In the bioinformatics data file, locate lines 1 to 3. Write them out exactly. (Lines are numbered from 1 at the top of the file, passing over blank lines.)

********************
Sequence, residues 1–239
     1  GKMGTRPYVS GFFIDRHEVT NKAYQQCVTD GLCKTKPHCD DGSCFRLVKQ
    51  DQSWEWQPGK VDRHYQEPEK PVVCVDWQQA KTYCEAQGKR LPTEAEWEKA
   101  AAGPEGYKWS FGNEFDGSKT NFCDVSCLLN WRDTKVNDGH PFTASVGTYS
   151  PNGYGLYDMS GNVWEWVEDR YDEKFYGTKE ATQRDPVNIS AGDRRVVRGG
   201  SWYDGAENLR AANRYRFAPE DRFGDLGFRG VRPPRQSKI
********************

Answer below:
Sequence, residues 1–239
     1  GKMGTRPYVS GFFIDRHEVT NKAYQQCVTD GLCKTKPHCD DGSCFRLVKQ
    51  DQSWEWQPGK VDRHYQEPEK PVVCVDWQQA KTYCEAQGKR LPTEAEWEKA